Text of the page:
When air enters a cold store, its moisture content drops as its temperature falls below dew point and water condenses on to the cold surfaces, particularly the cooling coils in the refrigeration system.
As the air circulates around the chill store it warms, reducing its relative humidity. The warmer air draws moisture from any surface it can, including the produce itself. This leads to product weight loss - as much as 20% - and cells become less turgid, affecting the appearance, quality and shelf-life of the produce, all of which reduce the value of the stock.
The solution? Raise the relative humidity to a level that's in equilibrium with the produce.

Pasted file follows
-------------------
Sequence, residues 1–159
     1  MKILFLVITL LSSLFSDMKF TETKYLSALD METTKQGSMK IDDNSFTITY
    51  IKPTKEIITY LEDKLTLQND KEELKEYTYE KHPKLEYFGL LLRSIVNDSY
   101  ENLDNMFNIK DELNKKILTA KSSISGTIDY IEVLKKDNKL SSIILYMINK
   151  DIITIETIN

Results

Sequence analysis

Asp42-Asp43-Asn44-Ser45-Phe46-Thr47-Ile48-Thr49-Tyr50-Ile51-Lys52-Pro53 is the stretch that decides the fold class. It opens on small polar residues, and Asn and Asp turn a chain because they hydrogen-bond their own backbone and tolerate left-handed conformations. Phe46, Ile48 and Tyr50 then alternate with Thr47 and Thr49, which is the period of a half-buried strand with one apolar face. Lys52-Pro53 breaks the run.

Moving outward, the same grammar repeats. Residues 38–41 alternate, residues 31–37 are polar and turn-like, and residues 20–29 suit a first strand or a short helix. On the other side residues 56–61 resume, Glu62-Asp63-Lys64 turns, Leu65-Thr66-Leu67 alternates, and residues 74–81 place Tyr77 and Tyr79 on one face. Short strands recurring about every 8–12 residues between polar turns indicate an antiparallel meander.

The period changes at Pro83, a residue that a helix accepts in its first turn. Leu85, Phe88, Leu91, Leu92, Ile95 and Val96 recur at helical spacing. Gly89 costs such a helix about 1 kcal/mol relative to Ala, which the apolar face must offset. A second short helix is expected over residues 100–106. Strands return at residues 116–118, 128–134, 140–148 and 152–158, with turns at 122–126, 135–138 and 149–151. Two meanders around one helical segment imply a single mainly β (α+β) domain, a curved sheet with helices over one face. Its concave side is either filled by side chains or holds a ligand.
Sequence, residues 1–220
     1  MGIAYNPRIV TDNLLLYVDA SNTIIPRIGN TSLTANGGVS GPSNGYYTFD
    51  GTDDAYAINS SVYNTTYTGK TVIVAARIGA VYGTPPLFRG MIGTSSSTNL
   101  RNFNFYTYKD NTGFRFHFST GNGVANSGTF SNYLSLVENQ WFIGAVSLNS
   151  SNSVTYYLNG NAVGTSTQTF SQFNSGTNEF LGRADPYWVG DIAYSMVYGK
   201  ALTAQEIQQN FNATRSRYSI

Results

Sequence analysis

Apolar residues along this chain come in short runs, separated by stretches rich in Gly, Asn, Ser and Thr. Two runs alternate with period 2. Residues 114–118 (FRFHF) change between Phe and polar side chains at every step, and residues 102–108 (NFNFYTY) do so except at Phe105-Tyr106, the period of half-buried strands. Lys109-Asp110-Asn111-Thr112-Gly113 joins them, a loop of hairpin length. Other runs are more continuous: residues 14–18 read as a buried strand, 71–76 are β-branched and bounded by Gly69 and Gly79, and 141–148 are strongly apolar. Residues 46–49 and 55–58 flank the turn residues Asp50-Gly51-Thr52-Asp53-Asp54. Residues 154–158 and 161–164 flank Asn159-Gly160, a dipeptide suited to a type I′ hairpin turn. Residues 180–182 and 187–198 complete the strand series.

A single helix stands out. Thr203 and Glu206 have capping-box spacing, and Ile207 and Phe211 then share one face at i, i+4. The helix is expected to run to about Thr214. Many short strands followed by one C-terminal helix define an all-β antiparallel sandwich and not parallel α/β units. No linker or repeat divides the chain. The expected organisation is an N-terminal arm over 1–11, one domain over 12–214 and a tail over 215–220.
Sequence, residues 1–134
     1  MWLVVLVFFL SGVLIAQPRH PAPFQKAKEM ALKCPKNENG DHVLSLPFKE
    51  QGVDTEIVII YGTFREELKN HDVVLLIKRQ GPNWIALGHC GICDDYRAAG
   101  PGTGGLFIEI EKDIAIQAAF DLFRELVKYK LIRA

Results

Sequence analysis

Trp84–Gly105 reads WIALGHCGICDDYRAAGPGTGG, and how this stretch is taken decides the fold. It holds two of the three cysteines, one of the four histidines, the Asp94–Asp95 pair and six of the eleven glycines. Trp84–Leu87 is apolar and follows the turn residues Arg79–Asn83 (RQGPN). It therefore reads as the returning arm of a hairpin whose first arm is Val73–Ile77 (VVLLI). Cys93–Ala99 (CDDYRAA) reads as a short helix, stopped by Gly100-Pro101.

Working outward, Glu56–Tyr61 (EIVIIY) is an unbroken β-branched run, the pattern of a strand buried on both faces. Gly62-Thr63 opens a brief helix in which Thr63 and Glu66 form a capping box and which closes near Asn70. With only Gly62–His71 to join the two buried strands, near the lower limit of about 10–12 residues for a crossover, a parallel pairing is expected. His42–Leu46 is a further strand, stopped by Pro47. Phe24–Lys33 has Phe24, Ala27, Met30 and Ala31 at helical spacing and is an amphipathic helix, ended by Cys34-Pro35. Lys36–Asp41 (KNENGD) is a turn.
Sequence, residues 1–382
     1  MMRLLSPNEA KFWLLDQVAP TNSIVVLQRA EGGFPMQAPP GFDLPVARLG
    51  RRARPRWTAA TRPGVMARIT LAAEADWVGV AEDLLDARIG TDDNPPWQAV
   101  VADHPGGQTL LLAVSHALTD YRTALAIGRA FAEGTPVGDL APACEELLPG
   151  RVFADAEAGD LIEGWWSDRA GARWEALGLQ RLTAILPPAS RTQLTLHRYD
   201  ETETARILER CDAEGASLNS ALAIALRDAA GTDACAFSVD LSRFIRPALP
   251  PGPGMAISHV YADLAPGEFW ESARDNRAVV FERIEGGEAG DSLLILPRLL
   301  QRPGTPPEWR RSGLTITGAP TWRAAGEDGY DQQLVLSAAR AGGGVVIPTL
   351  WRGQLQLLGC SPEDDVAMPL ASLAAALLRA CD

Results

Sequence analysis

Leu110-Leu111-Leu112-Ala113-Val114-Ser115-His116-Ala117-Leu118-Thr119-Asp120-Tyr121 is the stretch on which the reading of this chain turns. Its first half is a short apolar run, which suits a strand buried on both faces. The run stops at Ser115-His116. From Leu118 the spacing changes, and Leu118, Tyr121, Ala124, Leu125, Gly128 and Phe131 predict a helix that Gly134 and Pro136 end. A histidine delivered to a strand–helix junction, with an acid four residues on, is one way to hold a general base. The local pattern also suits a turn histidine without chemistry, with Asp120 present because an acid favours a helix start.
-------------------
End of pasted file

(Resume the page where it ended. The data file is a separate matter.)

Optimal conditions vary according to the specific type of fruit, vegetables, flowers or other food product being stored but, typically, a humidity of around 95%RH at a temperature just above freezing is needed but, even produce stored in warmer conditions benefit from a humidity level around 75%RH. The required moisture is introduced directly into the air, evenly throughout the store.
The story doesn't stop there. Commercial markets and the many modern distribution depots run by supermarket chains benefit from effective humidification, as do chilled display cabinets and open counters, helping to ensure that produce quality is maintained right through the supply chain.